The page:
Keeping itself primed for dealmaking, Norwest Corp. has registered to issue up to 10 million new shares.
The filing with securities regulators on Thursday specified that the shares would be used for acquisitions, letting Norwest make about $400 million of deals, based on the shares' recent prices.
The total is tiny compared with other banking companies' multibillion- dollar deals, but Norwest prefers a different approach-building its empire piece by piece.
"Our bread and butter are the smaller acquisitions," said Robert Kaukol, senior counsel for the Minneapolis banking company.
Norwest has amassed its $96 billion of assets largely from buying scores of closely held banking and financial companies.
It has completed or announced more than a dozen such deals in the past two years, and filings to issue 10 million shares have been used each year to cover the deals.
Mr. Kaukol declined to discuss specific purchases that might be made under the latest 10 million-share filing. But he did point to a track record that leans toward operations where managers and directors are the prime shareholders.
With surplus stock available, instead of registering to issue shares as each deal is struck, "we're that much better positioned," Mr. Kaukol said. "It's more flexible and efficient this way."
Analysts say Norwest is certainly a master at building assets and earnings by purchasing smaller banks and finance companies.
"It's a proven strategy for them," said Katrina Blecher, a banking analyst at Gruntal & Co.
"They don't feel the need like many other large banks to strike massive deals," Ms. Blecher said.
Norwest shares were up 31.25 cents Thursday, to $40.
Bank stocks were mixed, and the broader market took a hit from slippage in computer company shares.
The Standard & Poor's bank index was off 0.15%, and the Nasdaq bank index rose 0.51%. The Dow Jones industrial average dropped 0.43%, and the S&P 500 dipped 0.39%.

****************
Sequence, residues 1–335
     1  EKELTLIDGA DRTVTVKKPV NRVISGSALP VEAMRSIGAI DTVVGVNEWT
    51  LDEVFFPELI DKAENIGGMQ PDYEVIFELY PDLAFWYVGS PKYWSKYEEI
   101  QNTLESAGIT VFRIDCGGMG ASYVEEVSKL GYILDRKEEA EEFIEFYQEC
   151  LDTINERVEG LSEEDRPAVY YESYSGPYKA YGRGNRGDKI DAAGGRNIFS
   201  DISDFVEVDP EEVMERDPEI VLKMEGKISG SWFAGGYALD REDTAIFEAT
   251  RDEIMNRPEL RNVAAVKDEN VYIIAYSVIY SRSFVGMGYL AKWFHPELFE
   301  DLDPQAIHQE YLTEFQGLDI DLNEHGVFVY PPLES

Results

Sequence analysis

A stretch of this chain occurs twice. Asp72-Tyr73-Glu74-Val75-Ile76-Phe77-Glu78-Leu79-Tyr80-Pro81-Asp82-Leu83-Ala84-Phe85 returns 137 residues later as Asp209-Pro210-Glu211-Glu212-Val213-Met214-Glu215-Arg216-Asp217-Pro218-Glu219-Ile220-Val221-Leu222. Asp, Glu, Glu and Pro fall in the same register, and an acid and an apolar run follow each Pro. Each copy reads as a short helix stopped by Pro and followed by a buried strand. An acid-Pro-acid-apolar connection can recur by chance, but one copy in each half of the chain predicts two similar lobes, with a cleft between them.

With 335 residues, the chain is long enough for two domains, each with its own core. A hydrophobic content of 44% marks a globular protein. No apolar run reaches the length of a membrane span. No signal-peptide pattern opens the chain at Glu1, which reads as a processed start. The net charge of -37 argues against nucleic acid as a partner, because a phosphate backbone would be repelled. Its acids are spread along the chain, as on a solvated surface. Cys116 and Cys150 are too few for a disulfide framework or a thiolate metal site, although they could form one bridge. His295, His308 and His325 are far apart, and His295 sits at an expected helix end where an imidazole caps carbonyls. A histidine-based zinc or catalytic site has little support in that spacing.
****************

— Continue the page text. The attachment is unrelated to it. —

Shares of Mellon Bank Corp. bounced back a bit, up 31.25 cents, to $40, after dropping Wednesday when Bank of New York Co. withdrew its unsolicited purchase offer. Bank of New York fell back 75 cents, to $60.625.
Among other gainers, Bankers Trust Corp. rose $2.75, to $133.8125; First Tennessee Corp., 87.5 cents, to $33.875; Northern Trust Corp., $1, to $72.625; and Wells Fargo & Co., $1.875, to $376.375.
First Empire State Corp. was up 50 cents, to $514.50, after completing a stock repurchase program for 303,000 shares and announcing another program that is to cover 155,000 more shares.
The banking company, with $20 billion of assets, is also changing its name to M&T Bank Corp., reflecting the name of its lead bank, and switching its shares to the New York Stock Exchange from the American Stock Exchange.
The steps, which take effect June 1, will make investors and customers more aware of operations, said Gary S. Paul, senior vice president for corporate finance.
One thing that First Empire does not anticipate is a stock split, though its shares are the highest-priced among public banking companies.
"We want investors to easily be able to see how far they've come," said Mr. Paul of shares that have appreciated from $16 in the past quarter- century.